Nomads women dealt a narrow loss by a resurgent Roos

Football was again being played at the spiritual home of football in Armidale, Bellevue oval-albeit under the usual guise of COVID19 precautions. Our girls had been defeated convincingly the previous week by the Gunnedah Poochettes and so looked to make amends against the Roos. The Roos had bested us in our last two encounters by less than two goals. We made it our mantra that we wouldn’t lose this week. The only option is a win. We had the strongest team that we’d put up all year that even consisted of a bench (Bench: noun, substitute players, the act of having substitute players). Although in a heartbreaking turn of events, the football gods had other plans and we went down 2.3.15 to 3.5.23.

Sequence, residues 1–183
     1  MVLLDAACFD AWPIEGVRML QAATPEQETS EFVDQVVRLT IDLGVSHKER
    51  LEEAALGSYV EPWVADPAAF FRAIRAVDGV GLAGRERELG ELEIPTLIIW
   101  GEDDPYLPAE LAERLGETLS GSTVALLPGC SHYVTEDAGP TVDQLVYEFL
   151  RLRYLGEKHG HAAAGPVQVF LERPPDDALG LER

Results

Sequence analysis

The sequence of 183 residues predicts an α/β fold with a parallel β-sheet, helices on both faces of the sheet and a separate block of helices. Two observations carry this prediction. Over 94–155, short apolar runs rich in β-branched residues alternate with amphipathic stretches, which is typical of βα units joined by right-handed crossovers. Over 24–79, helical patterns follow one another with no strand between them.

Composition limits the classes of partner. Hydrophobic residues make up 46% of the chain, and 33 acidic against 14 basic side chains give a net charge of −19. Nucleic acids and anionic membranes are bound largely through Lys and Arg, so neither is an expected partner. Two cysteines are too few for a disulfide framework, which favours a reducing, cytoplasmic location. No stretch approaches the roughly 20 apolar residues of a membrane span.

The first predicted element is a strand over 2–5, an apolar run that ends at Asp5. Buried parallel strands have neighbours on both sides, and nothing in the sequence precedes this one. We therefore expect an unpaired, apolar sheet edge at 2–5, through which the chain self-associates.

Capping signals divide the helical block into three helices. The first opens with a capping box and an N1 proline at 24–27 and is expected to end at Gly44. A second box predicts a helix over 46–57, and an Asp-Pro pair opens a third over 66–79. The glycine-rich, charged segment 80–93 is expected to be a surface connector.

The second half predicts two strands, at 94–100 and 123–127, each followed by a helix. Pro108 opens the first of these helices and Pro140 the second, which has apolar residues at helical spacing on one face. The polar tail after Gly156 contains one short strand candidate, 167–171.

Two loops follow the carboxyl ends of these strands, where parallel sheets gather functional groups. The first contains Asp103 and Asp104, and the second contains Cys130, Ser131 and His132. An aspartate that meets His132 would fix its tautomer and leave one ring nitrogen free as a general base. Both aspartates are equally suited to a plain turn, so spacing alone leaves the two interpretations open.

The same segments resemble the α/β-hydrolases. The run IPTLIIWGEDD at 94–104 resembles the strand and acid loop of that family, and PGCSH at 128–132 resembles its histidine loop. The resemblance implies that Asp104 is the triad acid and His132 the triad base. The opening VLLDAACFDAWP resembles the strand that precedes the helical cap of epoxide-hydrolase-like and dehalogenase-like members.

We had said it all week that we’d need to start hard and fast. The Roos had caught us off guard the last two times and had made us play catch up. We were resolved not to let this happen again. We had a clear game plan. Rucking sensation Lauren ‘Brodie Grundy’ Nest was again dominant in the ruck. Our aptly named ‘midfield of dreams’ was again doing what they do best, generating drive and attack. We were stringing some good plays together, but we were still scrambling. Perceived pressure was a factor as we struggled to control the tempo. The backline, lead by our gallant Charlotte ‘The General’ Star and Molly ‘Golden Fist’ Fraser kept the Roos scoreless for the first quarter. We were setting up well behind the ball with Ash Wright and Connie Blake rebounding any attempts the Roos made to go forward. Rampaging Molly Martin opened our account with a beautiful set shot to score our first major. Unfortunately, we failed to convert our other forward entries into scores to really put the pressure on the Roos.